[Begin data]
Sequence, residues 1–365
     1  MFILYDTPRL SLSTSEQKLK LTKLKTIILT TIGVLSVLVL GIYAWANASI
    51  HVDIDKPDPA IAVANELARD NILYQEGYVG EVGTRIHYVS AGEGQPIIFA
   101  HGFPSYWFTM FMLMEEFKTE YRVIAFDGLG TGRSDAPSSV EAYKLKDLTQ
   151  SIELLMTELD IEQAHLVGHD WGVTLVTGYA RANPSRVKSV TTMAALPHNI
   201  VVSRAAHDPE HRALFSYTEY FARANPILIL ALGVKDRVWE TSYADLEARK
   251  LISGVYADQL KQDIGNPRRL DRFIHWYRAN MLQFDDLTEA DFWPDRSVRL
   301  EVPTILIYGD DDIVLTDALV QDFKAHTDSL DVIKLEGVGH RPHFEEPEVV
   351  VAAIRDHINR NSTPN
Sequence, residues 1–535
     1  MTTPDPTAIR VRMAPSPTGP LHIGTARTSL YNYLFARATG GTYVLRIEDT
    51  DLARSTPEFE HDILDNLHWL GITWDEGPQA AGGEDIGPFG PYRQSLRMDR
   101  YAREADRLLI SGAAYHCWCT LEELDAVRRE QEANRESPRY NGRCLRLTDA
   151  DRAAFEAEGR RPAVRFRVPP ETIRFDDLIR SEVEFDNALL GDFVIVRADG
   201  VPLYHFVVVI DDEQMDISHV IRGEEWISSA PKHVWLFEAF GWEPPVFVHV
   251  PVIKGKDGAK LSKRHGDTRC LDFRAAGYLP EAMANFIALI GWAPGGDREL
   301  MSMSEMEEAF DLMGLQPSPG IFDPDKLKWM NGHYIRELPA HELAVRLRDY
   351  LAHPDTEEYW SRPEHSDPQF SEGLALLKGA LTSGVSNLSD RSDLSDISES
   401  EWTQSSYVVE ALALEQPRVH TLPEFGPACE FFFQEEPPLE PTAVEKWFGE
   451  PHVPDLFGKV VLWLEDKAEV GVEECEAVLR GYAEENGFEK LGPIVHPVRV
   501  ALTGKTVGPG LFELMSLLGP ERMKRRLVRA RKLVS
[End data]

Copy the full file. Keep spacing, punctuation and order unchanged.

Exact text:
Sequence, residues 1–365
     1  MFILYDTPRL SLSTSEQKLK LTKLKTIILT TIGVLSVLVL GIYAWANASI
    51  HVDIDKPDPA IAVANELARD NILYQEGYVG EVGTRIHYVS AGEGQPIIFA
   101  HGFPSYWFTM FMLMEEFKTE YRVIAFDGLG TGRSDAPSSV EAYKLKDLTQ
   151  SIELLMTELD IEQAHLVGHD WGVTLVTGYA RANPSRVKSV TTMAALPHNI
   201  VVSRAAHDPE HRALFSYTEY FARANPILIL ALGVKDRVWE TSYADLEARK
   251  LISGVYADQL KQDIGNPRRL DRFIHWYRAN MLQFDDLTEA DFWPDRSVRL
   301  EVPTILIYGD DDIVLTDALV QDFKAHTDSL DVIKLEGVGH RPHFEEPEVV
   351  VAAIRDHINR NSTPN
Sequence, residues 1–535
     1  MTTPDPTAIR VRMAPSPTGP LHIGTARTSL YNYLFARATG GTYVLRIEDT
    51  DLARSTPEFE HDILDNLHWL GITWDEGPQA AGGEDIGPFG PYRQSLRMDR
   101  YAREADRLLI SGAAYHCWCT LEELDAVRRE QEANRESPRY NGRCLRLTDA
   151  DRAAFEAEGR RPAVRFRVPP ETIRFDDLIR SEVEFDNALL GDFVIVRADG
   201  VPLYHFVVVI DDEQMDISHV IRGEEWISSA PKHVWLFEAF GWEPPVFVHV
   251  PVIKGKDGAK LSKRHGDTRC LDFRAAGYLP EAMANFIALI GWAPGGDREL
   301  MSMSEMEEAF DLMGLQPSPG IFDPDKLKWM NGHYIRELPA HELAVRLRDY
   351  LAHPDTEEYW SRPEHSDPQF SEGLALLKGA LTSGVSNLSD RSDLSDISES
   401  EWTQSSYVVE ALALEQPRVH TLPEFGPACE FFFQEEPPLE PTAVEKWFGE
   451  PHVPDLFGKV VLWLEDKAEV GVEECEAVLR GYAEENGFEK LGPIVHPVRV
   501  ALTGKTVGPG LFELMSLLGP ERMKRRLVRA RKLVS